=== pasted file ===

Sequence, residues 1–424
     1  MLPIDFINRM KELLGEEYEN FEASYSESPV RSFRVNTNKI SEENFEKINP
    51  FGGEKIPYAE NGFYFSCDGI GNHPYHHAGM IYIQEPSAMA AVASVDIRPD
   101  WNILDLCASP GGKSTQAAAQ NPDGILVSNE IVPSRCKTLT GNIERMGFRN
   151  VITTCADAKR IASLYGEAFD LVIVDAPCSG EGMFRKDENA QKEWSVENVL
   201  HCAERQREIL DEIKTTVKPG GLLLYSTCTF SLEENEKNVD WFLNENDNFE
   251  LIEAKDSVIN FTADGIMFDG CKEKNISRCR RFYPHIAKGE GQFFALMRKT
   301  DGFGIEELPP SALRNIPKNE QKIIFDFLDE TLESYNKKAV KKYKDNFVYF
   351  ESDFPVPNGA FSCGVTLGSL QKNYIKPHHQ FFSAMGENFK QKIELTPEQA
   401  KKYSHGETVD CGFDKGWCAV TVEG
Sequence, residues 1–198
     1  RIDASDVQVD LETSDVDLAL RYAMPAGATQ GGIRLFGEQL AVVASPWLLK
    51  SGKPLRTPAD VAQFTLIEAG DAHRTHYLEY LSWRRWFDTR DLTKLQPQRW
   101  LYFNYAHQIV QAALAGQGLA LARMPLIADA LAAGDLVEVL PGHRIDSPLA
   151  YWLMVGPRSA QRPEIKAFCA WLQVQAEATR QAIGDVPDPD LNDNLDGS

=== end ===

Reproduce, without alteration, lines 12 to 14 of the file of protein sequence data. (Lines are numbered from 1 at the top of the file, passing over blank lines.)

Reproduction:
     1  RIDASDVQVD LETSDVDLAL RYAMPAGATQ GGIRLFGEQL AVVASPWLLK
    51  SGKPLRTPAD VAQFTLIEAG DAHRTHYLEY LSWRRWFDTR DLTKLQPQRW
   101  LYFNYAHQIV QAALAGQGLA LARMPLIADA LAAGDLVEVL PGHRIDSPLA